Lymphocytes require of constant and dynamic changes in their transcriptome for timely activation and production of effector molecules to combat external pathogens. Synthesis and translation of messenger (m)RNAs into these effector proteins is controlled both quantitatively and qualitatively by RNA binding proteins (RBPs). RBP‐dependent regulation of RNA editing, subcellular location, stability, and translation shapes immune cell development and immunity. Extensive evidences have now been gathered from few model RBPs, HuR, PTBP1, ZFP36, and Roquin. However, recently developed methodologies for global characterization of protein:RNA interactions suggest the existence of complex RNA regulatory networks in which RBPs co‐ordinately regulate the fate of sets of RNAs controlling cellular pathways and functions. In turn, RNA can also act as scaffolding of functionally related proteins modulating their activation and function. Here we review current knowledge about how RBP‐dependent regulation of RNA shapes our immune system and discuss about the existence of a hidden immune cell epitranscriptome.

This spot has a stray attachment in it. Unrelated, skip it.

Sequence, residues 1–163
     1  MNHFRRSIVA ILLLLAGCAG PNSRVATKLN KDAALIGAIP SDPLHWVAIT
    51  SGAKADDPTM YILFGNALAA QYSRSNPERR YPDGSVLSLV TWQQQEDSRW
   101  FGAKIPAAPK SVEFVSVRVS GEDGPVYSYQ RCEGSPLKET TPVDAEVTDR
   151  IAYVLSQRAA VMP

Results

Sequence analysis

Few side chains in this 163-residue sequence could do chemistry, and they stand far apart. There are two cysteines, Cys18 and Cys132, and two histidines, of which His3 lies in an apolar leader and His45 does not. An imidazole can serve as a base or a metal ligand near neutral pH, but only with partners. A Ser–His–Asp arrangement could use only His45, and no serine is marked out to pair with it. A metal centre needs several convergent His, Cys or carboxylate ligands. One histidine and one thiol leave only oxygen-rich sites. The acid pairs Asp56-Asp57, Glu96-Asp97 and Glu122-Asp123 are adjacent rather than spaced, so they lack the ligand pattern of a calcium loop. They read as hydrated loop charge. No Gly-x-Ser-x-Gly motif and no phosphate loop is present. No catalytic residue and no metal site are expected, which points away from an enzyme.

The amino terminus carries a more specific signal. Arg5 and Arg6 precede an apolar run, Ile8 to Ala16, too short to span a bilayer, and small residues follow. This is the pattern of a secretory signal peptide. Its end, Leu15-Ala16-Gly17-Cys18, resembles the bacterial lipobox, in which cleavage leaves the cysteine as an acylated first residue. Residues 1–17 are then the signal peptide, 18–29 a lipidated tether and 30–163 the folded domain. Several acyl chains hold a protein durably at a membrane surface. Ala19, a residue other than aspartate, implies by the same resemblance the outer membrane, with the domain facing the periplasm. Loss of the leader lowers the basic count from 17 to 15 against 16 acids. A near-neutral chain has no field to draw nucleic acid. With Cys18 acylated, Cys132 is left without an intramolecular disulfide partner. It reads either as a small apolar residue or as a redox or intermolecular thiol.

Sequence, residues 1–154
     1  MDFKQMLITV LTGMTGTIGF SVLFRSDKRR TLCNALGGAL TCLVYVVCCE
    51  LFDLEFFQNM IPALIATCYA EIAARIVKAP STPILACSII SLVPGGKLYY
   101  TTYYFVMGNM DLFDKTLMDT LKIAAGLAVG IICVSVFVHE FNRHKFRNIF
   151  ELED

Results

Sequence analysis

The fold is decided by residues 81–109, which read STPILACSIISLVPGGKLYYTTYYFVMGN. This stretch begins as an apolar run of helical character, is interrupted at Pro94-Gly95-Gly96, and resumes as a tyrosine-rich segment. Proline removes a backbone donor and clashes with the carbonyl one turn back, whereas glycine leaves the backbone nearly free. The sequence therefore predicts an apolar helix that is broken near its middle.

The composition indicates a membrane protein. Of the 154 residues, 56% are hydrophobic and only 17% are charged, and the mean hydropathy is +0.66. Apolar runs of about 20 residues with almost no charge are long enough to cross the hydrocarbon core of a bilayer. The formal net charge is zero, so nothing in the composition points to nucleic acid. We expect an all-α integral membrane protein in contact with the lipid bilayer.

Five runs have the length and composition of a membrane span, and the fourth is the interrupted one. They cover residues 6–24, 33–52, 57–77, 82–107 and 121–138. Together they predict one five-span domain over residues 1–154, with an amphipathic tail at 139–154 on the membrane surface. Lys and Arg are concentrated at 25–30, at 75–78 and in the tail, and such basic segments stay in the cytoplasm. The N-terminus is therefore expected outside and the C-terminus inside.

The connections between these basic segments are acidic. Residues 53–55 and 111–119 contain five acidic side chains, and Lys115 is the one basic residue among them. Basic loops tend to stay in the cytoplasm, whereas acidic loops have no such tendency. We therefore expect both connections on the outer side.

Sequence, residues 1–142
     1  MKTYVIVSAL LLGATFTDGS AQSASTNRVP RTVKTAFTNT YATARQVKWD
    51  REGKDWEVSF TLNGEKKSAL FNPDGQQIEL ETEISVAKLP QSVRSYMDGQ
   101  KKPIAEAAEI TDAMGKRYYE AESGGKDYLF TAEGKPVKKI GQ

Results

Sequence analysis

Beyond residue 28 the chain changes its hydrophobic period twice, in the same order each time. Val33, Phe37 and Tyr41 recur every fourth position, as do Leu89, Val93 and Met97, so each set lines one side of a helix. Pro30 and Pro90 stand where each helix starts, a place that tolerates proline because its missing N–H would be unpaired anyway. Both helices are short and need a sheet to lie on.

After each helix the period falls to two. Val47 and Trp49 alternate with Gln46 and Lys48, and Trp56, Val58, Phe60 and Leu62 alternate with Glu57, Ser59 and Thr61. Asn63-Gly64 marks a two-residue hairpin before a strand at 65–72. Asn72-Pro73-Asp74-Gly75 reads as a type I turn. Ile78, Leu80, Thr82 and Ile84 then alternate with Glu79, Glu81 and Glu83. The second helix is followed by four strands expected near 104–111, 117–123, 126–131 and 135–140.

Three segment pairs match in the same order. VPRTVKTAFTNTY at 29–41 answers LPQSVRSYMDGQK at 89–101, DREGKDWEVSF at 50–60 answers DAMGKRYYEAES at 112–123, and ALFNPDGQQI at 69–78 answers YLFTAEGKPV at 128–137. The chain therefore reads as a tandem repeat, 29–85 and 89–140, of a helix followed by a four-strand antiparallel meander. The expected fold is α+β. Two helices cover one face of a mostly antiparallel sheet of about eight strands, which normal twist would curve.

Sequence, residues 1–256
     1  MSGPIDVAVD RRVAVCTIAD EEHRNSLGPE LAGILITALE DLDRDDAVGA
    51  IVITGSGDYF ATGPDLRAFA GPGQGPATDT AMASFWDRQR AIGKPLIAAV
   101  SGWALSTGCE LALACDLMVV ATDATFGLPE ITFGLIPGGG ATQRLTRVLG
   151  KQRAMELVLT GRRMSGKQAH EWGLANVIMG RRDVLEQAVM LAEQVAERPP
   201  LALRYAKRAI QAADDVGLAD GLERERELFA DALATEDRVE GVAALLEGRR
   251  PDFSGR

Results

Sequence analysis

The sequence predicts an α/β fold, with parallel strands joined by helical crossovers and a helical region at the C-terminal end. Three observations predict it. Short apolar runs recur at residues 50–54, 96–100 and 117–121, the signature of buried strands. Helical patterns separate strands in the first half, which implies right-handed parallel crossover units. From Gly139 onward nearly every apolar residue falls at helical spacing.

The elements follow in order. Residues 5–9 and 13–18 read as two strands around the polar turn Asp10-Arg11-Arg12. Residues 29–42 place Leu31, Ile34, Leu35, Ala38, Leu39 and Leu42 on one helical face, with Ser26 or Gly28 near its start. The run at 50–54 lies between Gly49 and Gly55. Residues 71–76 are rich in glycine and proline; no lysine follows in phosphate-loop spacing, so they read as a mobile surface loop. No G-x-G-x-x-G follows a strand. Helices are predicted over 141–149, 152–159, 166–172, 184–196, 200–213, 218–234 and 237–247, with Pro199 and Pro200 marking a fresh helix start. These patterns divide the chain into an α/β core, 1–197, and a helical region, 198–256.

This article is categorized under:
RNA Interactions with Proteins and Other Molecules > Protein‐RNA Interactions: Functional Implications
Financed by the National Centre for Research and Development under grant No. SP/I/1/77065/10 by the strategic scientific research and experimental development program:
SYNAT - “Interdisciplinary System for Interactive Scientific and Scientific-Technical Information”.